Silky soft and creamy kaya -chinese egg custard- flavored with coconut and a hint of pandan. Spread on warm toast or wrap in pao.
I remember the flavor of my mom’s paus (bapao) like I had them yesterday (if only..). Her dough was super soft, the fillings were to.die.for., and the paus were wrapped with so much care and looked beautiful too. Whenever my mom started steaming the first batch of pau’s, me and my two sisters would be in line before the paus had even hit the pan. I wish I was into food-photography back then; I would’ve captured all the delicious dishes she made so I could cherish them forever ^^ My mom was amazing. ♥
Mom usually made two flavors: amazing drool-a-licious savory char siu pau (Chinese BBQ pork bapao) and creamy sweet nai wong pau (Chinese egg custard bapao). There are so many other kinds of pau’s, but we loved these so she always made these two. (We were never into the most common homemade pau with ground pork and egg. It just didn’t work for me.) A while back I tried to remake my mom’s nai wong pau. Although the pau skin isn’t quite what I want it to be (yet), the filling was spot on. We call the filling “kaya”. And it isn’t just good wrapped in paus; this delicious custard is great on warm toast too! Yumm…. And as usual, I can’t resist to share the recipe with you guys.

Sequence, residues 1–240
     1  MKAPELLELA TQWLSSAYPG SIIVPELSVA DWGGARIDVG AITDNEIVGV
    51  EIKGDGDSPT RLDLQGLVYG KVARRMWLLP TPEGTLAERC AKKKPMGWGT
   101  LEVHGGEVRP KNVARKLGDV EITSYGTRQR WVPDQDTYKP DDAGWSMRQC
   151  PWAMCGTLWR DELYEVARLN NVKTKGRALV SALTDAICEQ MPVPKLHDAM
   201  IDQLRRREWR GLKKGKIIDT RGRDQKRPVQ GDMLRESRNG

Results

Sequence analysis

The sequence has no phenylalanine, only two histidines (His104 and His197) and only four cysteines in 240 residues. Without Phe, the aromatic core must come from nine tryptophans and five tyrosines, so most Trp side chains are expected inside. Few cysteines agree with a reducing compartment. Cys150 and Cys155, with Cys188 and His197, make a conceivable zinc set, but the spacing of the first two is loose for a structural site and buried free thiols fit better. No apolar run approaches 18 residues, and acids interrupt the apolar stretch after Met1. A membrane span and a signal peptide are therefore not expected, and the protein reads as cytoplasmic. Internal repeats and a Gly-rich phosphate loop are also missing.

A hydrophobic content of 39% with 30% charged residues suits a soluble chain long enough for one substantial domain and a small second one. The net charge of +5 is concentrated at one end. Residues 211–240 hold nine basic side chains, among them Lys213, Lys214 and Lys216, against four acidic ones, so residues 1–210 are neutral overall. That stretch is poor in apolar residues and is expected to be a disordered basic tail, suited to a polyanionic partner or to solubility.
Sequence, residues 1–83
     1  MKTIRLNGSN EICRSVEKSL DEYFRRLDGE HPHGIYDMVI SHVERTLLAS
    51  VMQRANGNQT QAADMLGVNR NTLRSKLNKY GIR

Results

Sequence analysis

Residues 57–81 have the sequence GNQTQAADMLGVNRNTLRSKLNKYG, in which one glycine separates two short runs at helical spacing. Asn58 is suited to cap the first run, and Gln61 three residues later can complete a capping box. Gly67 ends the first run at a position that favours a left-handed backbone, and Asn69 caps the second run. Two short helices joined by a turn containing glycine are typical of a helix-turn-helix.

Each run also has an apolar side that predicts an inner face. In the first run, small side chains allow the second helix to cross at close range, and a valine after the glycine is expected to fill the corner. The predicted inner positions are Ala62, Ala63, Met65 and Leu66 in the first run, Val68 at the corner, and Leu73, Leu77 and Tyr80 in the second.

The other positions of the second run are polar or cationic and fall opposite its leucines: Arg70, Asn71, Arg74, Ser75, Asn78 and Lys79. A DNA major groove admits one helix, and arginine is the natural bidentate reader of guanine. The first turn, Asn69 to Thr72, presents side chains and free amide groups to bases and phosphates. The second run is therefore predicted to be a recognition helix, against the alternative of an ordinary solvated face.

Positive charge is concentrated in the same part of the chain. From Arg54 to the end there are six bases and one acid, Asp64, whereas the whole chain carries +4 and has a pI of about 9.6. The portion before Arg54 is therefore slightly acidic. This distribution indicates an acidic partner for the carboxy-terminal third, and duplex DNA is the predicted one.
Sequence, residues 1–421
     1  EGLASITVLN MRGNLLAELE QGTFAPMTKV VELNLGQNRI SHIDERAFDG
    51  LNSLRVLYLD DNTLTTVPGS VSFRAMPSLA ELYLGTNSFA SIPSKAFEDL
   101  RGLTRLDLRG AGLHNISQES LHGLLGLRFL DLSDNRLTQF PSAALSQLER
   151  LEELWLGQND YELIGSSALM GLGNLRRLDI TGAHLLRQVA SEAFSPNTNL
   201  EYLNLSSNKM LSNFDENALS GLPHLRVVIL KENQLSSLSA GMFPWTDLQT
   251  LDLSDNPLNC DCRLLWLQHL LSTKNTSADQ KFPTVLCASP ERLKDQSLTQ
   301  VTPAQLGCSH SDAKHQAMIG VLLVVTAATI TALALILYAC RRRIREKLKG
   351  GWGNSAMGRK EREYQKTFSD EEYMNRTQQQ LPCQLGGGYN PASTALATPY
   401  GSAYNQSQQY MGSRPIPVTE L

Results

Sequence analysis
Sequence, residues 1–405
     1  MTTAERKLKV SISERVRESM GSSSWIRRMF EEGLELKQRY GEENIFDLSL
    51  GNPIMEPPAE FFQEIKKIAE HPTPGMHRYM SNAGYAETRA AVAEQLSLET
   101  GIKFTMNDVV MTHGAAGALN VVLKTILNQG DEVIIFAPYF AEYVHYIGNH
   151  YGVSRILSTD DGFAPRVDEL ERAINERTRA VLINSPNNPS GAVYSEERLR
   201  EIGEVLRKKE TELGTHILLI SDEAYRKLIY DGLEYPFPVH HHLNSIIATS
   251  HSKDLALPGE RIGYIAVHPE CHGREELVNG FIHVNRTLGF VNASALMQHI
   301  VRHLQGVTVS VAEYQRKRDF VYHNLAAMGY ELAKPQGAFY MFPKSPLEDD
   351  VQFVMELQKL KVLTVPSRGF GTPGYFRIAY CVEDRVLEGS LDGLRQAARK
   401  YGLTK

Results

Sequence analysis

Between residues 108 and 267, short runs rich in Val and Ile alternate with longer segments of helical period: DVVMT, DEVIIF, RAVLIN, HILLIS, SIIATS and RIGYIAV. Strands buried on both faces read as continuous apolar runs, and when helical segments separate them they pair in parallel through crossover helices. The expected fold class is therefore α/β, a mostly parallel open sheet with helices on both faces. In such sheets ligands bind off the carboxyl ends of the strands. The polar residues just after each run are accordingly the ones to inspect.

Kaya is basically a simple egg custard with “asian flavors”: coconut and pandan. “Traditionally”, my mom made this kaya without pandan. Not because she wanted to, but because it was so hard to get it back then. She was always looking for pandan leaves/essence, but Asian products were rarely sold in The Netherlands back then. Nowadays, I just hop on my bicycle (or walk) and pay a quick visit to the Oriental Supermarket to get my favorite stuff; including a bottle of pandan paste 😀 Obviously, you can use pandan leaves for this recipe instead of paste, but pandan leaves are quite expensive over here so I stuck to the paste. It’s nearly as good. I’ll live 😉
To make the kaya, all you have to do is combine the ingredients and “cook” it with a double boiler. You can buy a fancy double boiler if you’d like, but if you (like me) want a cheap version: pop a heatproof bowl over a big pot of boiling water. Make sure the water doesn’t touch the bottom of the bowl. Once you’ve got that going, keep stirring the mixture until it thickens. The more you stir, the smoother your custard will be. Once it’s got the right consistency, let the custard cool completely and transfer it to a jar. Wrap this goodness in pau dough, spread it on toast or (secretly) eat it from the jar 😉 Trust me, it’s finger-licking delicous.
What’s your favorite thing to spread on toast?
- 2 eggs (L)
- 3-4 Tbsp granulated sugar
- 1 Tbsp all-purpose-flour
- 1 Tbsp custard powder
- ¼ tsp salt
- 1 small can of coconut milk (165 mL)
- 1 drop of pandan paste
- 1 tsp vanilla extract
- In a heatproof bowl, mix the eggs, sugar, flour, custard powder and salt until smooth.
- Stir in the coconut milk.
- Place the bowl over a pan (double boiler) with boiling water (high heat).
- Whisk the mixture constantly until the mixture thickens.
- Remove the bowl from the pan and stir in the pandan paste and vanilla extract.
- Let the mixture cool completely.